Dialogic: first coined by Mikhail Bakhtin to name a discussion which does not resolve itself by finding a common ground (…) though no shared agreements may be reached, through the process of exchange people may become more aware of their own views and expand their understanding of one another (..) knitted together but divergent exchange (…) a dialogic conversation can be ruined by too much identification with the other person.

Excerpts from Richard Sennett’s book, Together: The Rituals & Politics of Cooperation, 2012, London: Penguin Books (pages 18-20)

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Unraveling the relationship between learning and reflection

critical_reflection_diagram_600_408

a deep approach is where the intention of the learner is to understand the meaning of the material/ a surface approach to learning is where a learner is concerned to memorise the material for what it is/ between the two there is a continuum with an hierarchy of stages:

  • noticing: representation is reproduction
  • making sense: representation is coherent reproduction
  • making meaning: representation is of ideas that are integrated and well linked (beginnings of deeper approach)
  • working with meaning: representation is reflective, well structured and demonstrates the linking of material with other ideas which may change as a result
  • transformative learning: representation demonstrates strong restructuring of ideas and ability to evaluate the processes of reaching that learning

REFLECTION has a role in the deeper approaches/ we learn from representing learning/ we upgrade learning/ Reflection:

  • slows down activity, giving the learner time to process
  • helps the learners to develop greater ownership of the learning material
  • it encourages meta-cognition
  • works with materials that are complicated and ill structured and helps students improve their cognitive ability

 

References

Moon, J., 2001. PDP Working Paper 4: Reflection in Higher Education Learning. In LTSN Generic Centre, full article available here

Image is Kolb’s circle Experiential Learning concept (1984) available here

Profiling teachers in the DS

DS CRIT

Teachers:

  • experienced designers but only rarely expert educators
  • teachers are not trained as teachers and rarely receive thorough, relevant feedback regarding their teaching performance/ design teachers, like other educators in academic institutions, are appointed on the basis of their professional knowledge and skills and receive all but no training as teachers
  • they bring knowledge, professional skills, theory in use, personalities, values and their understanding of their role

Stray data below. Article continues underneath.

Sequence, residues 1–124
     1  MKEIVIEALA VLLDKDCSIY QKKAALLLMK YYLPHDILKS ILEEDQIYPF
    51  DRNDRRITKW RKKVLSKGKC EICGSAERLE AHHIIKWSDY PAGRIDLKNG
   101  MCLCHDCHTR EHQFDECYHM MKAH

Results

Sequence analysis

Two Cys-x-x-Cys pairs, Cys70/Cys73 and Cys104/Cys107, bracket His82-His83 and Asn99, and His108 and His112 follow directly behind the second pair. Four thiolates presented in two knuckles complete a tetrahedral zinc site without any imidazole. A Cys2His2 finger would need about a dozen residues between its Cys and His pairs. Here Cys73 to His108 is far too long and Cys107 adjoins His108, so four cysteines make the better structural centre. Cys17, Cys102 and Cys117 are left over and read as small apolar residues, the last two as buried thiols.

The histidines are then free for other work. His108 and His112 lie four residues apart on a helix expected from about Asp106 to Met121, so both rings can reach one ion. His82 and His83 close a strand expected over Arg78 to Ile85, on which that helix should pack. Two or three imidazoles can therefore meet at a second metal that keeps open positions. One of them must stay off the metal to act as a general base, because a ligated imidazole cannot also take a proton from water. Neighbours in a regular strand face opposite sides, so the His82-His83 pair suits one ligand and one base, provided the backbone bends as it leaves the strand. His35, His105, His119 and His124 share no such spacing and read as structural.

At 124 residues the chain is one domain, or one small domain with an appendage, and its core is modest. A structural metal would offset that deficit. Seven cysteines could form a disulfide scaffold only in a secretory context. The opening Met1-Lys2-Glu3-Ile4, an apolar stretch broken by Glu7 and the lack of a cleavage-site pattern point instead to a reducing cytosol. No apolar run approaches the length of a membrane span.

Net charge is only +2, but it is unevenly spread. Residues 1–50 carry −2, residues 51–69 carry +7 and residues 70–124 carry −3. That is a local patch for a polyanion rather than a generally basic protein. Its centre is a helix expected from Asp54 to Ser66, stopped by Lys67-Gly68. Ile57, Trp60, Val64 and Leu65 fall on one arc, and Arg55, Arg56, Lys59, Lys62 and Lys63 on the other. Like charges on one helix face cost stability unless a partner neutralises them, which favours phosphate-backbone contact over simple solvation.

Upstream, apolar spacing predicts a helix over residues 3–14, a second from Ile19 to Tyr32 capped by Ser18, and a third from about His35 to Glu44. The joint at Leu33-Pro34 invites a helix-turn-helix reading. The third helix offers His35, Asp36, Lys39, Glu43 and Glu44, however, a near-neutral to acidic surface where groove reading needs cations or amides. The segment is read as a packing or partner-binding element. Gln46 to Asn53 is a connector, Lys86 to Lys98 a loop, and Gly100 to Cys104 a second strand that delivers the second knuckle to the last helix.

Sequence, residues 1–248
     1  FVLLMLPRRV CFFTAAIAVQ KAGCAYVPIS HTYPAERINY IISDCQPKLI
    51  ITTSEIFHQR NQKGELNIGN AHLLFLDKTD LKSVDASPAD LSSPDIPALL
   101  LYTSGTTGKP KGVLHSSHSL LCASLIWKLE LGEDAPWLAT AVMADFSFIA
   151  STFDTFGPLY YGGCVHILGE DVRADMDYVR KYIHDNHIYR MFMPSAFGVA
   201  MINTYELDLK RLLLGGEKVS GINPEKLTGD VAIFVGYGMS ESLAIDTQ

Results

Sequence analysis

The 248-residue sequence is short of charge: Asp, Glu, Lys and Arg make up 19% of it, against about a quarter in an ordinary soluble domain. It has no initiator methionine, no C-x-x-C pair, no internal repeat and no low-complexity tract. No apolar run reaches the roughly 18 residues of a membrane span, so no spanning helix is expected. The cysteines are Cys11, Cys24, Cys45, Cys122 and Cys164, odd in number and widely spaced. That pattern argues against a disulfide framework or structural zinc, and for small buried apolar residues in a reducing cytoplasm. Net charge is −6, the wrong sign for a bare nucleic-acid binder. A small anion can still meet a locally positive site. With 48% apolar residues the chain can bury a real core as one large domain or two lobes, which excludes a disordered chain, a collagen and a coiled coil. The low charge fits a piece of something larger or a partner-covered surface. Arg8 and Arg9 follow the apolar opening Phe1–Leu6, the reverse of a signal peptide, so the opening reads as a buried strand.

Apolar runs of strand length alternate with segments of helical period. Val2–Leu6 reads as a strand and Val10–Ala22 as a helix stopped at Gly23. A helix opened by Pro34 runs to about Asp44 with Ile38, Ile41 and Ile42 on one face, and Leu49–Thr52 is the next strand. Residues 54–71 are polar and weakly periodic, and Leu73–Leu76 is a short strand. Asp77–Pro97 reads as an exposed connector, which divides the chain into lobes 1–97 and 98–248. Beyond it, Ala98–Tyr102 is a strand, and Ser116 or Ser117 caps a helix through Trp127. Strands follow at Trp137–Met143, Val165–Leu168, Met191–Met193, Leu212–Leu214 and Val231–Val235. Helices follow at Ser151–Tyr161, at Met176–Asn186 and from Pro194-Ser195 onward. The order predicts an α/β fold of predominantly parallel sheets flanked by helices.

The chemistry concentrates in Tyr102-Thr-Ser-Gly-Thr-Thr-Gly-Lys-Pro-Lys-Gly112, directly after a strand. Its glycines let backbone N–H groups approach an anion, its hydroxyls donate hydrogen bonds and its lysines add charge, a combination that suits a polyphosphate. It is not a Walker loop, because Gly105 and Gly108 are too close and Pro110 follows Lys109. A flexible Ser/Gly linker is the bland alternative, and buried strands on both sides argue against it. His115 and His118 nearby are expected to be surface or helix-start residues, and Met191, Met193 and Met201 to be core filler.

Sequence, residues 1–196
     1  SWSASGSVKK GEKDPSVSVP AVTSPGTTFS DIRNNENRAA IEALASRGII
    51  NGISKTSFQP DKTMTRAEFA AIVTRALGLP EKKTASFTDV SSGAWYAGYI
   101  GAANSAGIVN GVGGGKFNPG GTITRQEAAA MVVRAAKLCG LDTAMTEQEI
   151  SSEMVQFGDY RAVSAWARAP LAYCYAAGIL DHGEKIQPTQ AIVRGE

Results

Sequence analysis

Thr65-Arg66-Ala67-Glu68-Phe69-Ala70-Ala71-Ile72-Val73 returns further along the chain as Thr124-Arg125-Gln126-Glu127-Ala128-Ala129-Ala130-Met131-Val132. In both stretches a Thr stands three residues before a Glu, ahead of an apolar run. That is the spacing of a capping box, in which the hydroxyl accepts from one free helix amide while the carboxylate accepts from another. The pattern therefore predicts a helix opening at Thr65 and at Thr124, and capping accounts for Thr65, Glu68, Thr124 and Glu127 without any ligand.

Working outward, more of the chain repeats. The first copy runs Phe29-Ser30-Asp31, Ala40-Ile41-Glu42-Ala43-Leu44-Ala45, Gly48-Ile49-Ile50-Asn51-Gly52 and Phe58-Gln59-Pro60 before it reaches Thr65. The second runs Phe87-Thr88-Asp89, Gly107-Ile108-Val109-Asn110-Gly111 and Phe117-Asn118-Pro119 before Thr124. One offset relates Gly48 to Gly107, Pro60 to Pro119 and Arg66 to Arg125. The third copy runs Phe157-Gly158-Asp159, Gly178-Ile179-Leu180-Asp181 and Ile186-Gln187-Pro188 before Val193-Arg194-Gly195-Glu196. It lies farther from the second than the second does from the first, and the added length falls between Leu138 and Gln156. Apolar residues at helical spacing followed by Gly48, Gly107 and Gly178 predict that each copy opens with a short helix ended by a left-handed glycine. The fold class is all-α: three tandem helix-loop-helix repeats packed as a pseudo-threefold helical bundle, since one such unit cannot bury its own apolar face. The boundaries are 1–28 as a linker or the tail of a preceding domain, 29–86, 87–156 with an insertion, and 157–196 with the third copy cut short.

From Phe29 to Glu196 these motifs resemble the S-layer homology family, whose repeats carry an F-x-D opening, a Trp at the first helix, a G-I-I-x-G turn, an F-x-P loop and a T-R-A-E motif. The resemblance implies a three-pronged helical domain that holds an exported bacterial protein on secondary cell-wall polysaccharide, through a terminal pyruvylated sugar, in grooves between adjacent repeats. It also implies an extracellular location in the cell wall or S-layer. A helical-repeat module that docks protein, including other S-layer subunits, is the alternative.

• Quayle classification: instructor as source of authority/ as facilitator/ as “buddy”
  • Webster classification
  • Uluoglu reports that 47% of the design teachers in several schools consider their educational (pedagogic) capacity to be the single most important factor in their work
  • Schon: the studio master tries to figure out what the student understands/ constructs a dialogue in the media of words and performance/ tries to make interventions matched to the student’s understanding

Using linkography*, Goldschmidt examines three cases of teacher-student interaction during a crit. Her conclusions are that the teachers:

  • must navigate among categorical action priorities that suit the student’s needs and his or her own tendencies
  • must raise issues and sustain ideas at both a general and a specific level preferably while demonstrating and modeling for the student what can be done and how
  • must do everything without making the students feel that the teachers are designing their project for them
  • issues raised must be made relevant to students by tying them to students’ concepts
  • must give examples
  • must not put pressure on students to come up with “correct” notions
  • must not let the student feel that they know sth the students don’t have access to
  • coaching seems to be the most fruitful strategy in this sample of investigation

 

References

Goldschmidt, G., Hochman, H., Dafmi, I., 2010. The design studio “crit”: Teacher-student communication. In Artificial Intelligence for Engineering Deisgn, Analysis and Manufacturing, 24, pp. 285-302, doi:10.1017/S089006041000020X

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Linkography: is a notation and analysis system that treats links among protocol units. It is based on the premise that the proportion and distribution of links among units, and in particular, units that are highly interlinked with other units, are indicative of the quality of important characteristics of the situation under scrutiny